In the 1970s and 1980s, there was little in the way of official records for professional wrestling, or at least official records fans could track with any easy or reliability. So, when WWE billed Andre as undefeated for his 15-year career, fans didn’t really have reason to scrutinize it. While it’s generally agreed that the guy wasn’t truly undefeated, the storyline was believable enough and added to the mystique of Andre finally turning heel and getting a world title shot opposite Hulk Hogan.
Hogan body slammed and pinned Andre at WrestleMania III. While Hogan was already a megastar who had arguably surpassed Andre’s legend, this match solidified that status—one of the most iconic moments in wrestling history, and certainly for WWE and Hogan himself. The most unlikely part of all may be that, despite taking the loss, it may have been the single most memorable moment in Andre’s storied career, too.
5 Samoa Joe
Today’s WWE audience knows Samoa Joe as a badass, and he’s currently riding a short undefeated streak in singles competition on the main roster. For the purposes of this article, though, we’re looking back to an earlier undefeated streak for him, back in TNA.
Joe debuted with TNA in 2005 and went on a tear, dominant in the X Division and opposite upper card talents including AJ Styles, Christopher Daniels, and Scott Steiner. Joe’s streak was a little spurious because it wasn’t technically a winning streak—he lost a triple threat Ultimate X match, for example, but TNA declared him still undefeated because he hadn’t been pinned or submitted.
Joe’s year and a half streak finally came to a close upon Kurt Angle’s arrival. Joe was the Olympic Gold Medalist’s first rival with the promotion and put him over in their first match, tapping clean to the ankle lock.
4 Brock Lesnar
Brock Lesnar debuted on the WWE main roster in spring 2002 and was immediately established as a monster heel. In singles competition, he ran through Jeff Hardy early on, and ran through a field of Bubba Ray Dudley, Test, and Rob Van Dam to win the King of the Ring tournament en route to winning his first world championship by defeating The Rock. Lesnar’s winning ways continued opposite The Undertaker and Edge in the months to follow.
Finally seven months into his run, Lesnar suffered his first singles loss, succumbing to The Big Show after Paul Heyman turned on him, and Show chokeslammed him onto a chair. The loss was built to both protect Lesnar and set him up for a face turn. While Lesnar was always a better heel than a face and he’d turn back in under a year, the face run helped diversify his main event work and afforded him his first WrestleMania win, taking the WWE Championship off of Kurt Angle.
3 WCW Monday Nitro Ratings Victories
Unlike the other picks on this countdown, this wasn’t a winning streak anyone booked, but rather a shoot. For five and a half years WWE’s RAW and WCW’s Nitro went head to head to head on Monday nights. While WWE was generally the more popular product for the time the two companies coexisted, the launch of the Monday Night War saw WCW gain momentum through high profile signings and big angle like the original nWo run.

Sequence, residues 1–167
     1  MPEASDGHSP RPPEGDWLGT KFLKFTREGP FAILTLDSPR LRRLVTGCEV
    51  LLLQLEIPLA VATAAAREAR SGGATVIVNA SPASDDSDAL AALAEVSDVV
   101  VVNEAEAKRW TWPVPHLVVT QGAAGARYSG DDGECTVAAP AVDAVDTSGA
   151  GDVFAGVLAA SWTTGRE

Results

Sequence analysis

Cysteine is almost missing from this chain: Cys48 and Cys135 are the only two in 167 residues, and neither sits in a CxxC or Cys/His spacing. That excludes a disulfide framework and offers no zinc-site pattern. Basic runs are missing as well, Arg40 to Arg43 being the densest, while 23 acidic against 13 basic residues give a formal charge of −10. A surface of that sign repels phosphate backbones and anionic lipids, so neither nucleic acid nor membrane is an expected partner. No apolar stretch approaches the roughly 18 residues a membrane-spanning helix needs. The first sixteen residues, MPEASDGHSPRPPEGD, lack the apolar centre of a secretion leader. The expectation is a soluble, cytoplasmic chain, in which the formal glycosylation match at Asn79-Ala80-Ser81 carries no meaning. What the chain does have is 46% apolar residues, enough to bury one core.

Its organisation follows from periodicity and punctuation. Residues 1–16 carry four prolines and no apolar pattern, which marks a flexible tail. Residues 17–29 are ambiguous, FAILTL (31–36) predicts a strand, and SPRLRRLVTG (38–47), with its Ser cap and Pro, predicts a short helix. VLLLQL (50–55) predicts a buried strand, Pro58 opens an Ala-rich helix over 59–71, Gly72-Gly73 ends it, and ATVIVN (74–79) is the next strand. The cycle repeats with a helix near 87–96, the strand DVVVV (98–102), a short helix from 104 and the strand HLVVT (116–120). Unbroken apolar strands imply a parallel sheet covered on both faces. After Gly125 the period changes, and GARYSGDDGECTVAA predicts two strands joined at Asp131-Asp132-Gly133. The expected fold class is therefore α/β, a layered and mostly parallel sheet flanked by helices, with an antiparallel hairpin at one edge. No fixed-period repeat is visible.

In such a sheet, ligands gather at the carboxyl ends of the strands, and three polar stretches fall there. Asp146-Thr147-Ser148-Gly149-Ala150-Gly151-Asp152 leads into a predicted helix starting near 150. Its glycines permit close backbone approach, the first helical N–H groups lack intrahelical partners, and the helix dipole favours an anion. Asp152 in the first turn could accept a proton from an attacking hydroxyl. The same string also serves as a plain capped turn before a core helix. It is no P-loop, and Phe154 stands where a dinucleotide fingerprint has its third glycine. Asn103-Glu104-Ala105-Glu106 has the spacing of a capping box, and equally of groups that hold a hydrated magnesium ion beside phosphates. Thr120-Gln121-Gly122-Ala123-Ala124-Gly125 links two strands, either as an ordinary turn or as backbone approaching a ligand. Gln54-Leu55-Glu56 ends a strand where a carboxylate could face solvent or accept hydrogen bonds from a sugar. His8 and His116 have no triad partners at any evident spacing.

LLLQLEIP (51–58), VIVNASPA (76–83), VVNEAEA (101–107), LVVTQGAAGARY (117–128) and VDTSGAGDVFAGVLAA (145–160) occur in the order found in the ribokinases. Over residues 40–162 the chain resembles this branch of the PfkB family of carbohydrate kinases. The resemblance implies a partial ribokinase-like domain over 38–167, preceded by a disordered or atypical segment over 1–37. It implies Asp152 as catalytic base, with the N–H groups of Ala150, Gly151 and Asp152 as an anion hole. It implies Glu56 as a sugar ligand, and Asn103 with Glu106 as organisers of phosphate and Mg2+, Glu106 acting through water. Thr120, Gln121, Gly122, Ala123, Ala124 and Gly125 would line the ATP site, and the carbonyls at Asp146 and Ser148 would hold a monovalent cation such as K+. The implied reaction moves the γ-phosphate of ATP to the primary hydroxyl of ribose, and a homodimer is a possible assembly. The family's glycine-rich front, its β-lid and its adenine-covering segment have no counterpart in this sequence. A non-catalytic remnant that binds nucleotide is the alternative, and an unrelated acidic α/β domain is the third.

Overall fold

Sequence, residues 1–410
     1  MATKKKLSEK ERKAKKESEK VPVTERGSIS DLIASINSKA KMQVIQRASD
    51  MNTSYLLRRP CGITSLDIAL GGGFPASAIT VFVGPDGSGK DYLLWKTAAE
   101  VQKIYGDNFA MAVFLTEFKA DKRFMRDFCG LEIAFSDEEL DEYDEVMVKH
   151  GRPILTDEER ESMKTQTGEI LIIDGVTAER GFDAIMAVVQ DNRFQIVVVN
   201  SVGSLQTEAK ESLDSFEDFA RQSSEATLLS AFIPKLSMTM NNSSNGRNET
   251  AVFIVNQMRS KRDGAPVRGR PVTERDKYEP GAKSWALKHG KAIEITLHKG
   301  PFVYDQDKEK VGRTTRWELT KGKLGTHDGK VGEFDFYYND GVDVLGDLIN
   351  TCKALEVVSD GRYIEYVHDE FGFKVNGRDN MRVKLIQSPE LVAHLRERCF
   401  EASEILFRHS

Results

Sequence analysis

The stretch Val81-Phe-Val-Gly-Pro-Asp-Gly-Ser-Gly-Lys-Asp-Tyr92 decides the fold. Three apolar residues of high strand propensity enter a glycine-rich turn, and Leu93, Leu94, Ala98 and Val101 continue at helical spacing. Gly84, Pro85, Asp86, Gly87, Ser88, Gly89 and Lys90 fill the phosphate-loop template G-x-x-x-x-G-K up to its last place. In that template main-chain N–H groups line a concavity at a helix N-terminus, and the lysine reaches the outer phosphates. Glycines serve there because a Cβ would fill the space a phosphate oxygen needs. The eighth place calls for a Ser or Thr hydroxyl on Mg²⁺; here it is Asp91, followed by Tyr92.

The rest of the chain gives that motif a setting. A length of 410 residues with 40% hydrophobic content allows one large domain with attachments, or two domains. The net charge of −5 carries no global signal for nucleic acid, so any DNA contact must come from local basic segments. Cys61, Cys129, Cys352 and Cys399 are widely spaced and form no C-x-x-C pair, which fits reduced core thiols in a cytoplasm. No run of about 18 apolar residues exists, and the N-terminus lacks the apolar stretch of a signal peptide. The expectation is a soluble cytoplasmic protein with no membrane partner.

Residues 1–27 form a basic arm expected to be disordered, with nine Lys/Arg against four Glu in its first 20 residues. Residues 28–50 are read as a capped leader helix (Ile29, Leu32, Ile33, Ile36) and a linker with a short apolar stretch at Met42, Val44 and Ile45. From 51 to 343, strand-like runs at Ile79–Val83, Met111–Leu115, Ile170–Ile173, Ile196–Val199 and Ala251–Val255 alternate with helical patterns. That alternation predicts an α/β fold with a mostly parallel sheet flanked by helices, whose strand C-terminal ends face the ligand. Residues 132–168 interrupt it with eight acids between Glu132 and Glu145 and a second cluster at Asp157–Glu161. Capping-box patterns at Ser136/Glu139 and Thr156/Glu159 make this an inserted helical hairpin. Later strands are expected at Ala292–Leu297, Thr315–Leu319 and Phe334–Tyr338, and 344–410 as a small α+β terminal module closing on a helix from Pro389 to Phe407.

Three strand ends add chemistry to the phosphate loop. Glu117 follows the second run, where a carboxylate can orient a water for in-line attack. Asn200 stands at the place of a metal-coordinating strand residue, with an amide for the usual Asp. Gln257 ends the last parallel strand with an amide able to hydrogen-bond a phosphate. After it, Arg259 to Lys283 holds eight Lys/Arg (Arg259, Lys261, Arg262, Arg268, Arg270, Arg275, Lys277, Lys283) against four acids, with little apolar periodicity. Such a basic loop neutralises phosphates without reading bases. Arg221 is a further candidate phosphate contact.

The early stages of the Monday Night War were largely even as the two traded victories or essentially tied for the better part of a year. Starting late spring 1996, Nitro went on an 83 week winning streak in terms of Nielsen ratings.
The tide finally turned in WWE’s favor in the wake of WrestleMania XIV, as tensions between Steve Austin and Vince McMahon boiled over into a full-fledged rivalry. WWE's first ratings victory occurred when Austin and McMahon squared off in a one-on-one match, before it was interrupted by Dude Love.
While WCW would have its moments, WWE was in control from that point forward, and enjoyed an even lengthier winning streak of its own from Winter 1999 until the ratings war ended with WCW selling to WWE in spring 2001.
2 The Undertaker
The Undertaker’s series of wins at WrestleMania was the most famous, best celebrated streak in wrestling history. Over the course of 23 years, The Deadman went 21-0. Nine wins deep, WWE started to acknowledge the streak was there, and it was rumored that they did so because Triple H was originally slated to beat him at WrestleMania X-Seven, and it would make the win mean more.
The Undertaker sayed unbeaten, though, and someone going hunting for the streak became an annual feature of the biggest show of the year. While some argued the streak should end to put over a new main eventer in a big way, other fans were content to see The Phenom retire unbeaten at his show.
No one saw it coming when Brock Lesnar bested The Deadman at WrestleMania XXX. Lesnar was an established enough star that few would argue he needed the win, and nothing about the build suggested he would pose an especially daunting challenge. Lesnar’s pin was one of the most shocking moments in wrestling history and wound up setting him up for an epic monster heel run over the year to follow.
After a decorated career in Japan, Asuka made her first appearance for WWE’s NXT developmental brand at NXT Takeover: Brooklyn, summer 2015. She debuted in the ring that October. A year and a half later, she’s the NXT Women’s Champion. Oh, and she still hasn’t lost a match (unless you count getting eliminated from a battle royal).
Asuka got the better of Bayley twice, returning legend Mickie James, and upstart Ember Moon. Those are the women who have posed a meaningful challenge to her—she’s annihilated anyone else who crossed her path with relative ease.
It’s a bit odd to include Asuka in an article about undefeated streaks and how they ended because hers hasn’t ended. I opted to include her because the streak continues, and in doing so demonstrates what a streak can do. Asuka is over with NXT fans as legitimately great and would, at this point, not look out of place at all jumping to the main roster and winning either Women’s Championship in her first night. Moreover, if or when anyone actually does beat Asuka in NXT, it’s going to make for a heck of a moment, and instantly elevate that talent to stardom.